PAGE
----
Orientation Service Projects
One of the highlights of Orientation Week is the opportunity for students to spend a morning or afternoon giving back to the DC community by participating in a 1L Orientation Service Project. For many 1Ls, this event also serves as a way to meet classmates, staff and faculty, explore Washington DC, and learn about the wealth of service and pro bono opportunities available at Georgetown Law. Below are some of the 1L Orientation Community Service Projects that have taken place over the past few years.
The D.C. Central Kitchen collects food donated by area restaurants, caterers, hotels, cafeterias and other food service businesses that would otherwise go to waste. The donated food is used to prepare over 3,000 meals a day for adults and children at 130 agencies throughout the Washington D.C. Metropolitan area, including homeless shelters, community and youth centers, children’s after-school programs and senior-citizen lunch programs. In addition, D.C. Central Kitchen provides training to unemployed individuals in basic culinary skills. Student volunteers assist with food preparation alongside community members involved in the job training program.
Food & Friends prepares, packages, and delivers nutritious meals to support men, women and children living with HIV/AIDS, cancer, and other life-challenging illnesses throughout the D.C. area. Volunteers assist with food preparation.
The Capital Area Food Bank (CAFB) is the largest public, non-profit food distribution center in the D.C. area. Through a network of more than 750 member programs, CAFB distributes several million pounds of food each year. Volunteers assist with sorting and packing food for distribution.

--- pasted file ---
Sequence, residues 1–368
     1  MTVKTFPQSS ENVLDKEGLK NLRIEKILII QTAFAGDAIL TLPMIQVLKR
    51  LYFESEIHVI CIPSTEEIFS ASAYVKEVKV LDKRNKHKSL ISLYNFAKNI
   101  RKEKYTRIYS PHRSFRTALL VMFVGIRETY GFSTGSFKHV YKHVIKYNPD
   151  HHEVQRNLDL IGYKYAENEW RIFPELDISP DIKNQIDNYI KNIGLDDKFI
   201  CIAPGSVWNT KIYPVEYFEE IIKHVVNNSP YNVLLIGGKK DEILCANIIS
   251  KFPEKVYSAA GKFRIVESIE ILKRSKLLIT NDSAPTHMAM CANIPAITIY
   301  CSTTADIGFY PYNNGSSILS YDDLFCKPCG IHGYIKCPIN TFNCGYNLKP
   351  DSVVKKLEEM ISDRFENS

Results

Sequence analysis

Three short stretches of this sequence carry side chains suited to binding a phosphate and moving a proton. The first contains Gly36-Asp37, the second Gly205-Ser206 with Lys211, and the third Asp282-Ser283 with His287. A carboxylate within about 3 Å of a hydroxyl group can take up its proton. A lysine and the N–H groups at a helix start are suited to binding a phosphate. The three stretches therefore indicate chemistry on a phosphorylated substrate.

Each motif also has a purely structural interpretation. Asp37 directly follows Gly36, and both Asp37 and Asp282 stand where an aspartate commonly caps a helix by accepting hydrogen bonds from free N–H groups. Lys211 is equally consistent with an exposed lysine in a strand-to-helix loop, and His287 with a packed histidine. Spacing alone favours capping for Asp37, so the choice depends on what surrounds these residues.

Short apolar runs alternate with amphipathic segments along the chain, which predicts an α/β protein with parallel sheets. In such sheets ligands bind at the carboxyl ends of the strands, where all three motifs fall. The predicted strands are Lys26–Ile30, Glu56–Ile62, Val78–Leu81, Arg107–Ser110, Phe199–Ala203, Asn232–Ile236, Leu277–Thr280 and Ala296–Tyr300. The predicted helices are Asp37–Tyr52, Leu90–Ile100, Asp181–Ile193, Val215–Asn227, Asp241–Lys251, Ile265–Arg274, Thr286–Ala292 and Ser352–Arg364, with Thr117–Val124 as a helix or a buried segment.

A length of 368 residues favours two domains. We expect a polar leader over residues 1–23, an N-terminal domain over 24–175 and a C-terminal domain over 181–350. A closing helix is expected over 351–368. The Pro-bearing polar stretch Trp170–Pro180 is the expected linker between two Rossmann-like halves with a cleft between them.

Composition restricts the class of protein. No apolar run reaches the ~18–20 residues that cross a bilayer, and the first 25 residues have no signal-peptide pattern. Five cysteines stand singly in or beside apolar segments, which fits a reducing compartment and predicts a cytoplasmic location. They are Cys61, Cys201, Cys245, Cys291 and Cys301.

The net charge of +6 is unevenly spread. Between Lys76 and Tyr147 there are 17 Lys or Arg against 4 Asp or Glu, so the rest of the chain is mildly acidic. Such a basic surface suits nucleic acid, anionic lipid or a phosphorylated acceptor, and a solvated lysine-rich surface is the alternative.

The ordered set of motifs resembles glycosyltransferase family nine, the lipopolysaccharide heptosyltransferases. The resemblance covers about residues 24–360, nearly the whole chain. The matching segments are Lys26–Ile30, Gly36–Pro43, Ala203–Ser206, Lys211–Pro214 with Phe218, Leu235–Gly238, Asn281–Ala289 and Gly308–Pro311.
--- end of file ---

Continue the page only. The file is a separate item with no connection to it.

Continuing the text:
The Thurgood Marshall Academy Public Charter High School (TMA) was founded by Georgetown Law students and Professor Rick Roe in 2001 to provide a college preparatory high school curriculum to students living in the Congress Heights section of Southeast D.C. TMA has been profiled in the Wall Street Journal. Volunteers provide assistance to teachers by helping them set up their classrooms for the new school year.
Bread for the City is a private non-profit and multi-service community-based organization that provides vulnerable residents of Washington, D.C. with comprehensive suite of services including food, clothing, medical care, legal and social services. Each month, Bread for the City’s food pantry provides 4,000 households with a three-day supply of nutritious groceries including fresh fruit, meat and vegetables. Volunteers sort clothing and provide assistance in the medical clinic.
The National Arboretum is a 344-acre park that was established in 1927 Congress. Its mission is to enhance the environment and to serve the public need for scientific research, education, and gardens that conserve and showcase native plants. Unfortunately, non-native plant species are invading the Arboretum grounds which, if left unchecked, would choke out many of the plants the Arboretum is trying to conserve. Volunteers assist in the removal of non-native plants and shrubs while enjoying a brief respite from the noise and crowds of the city.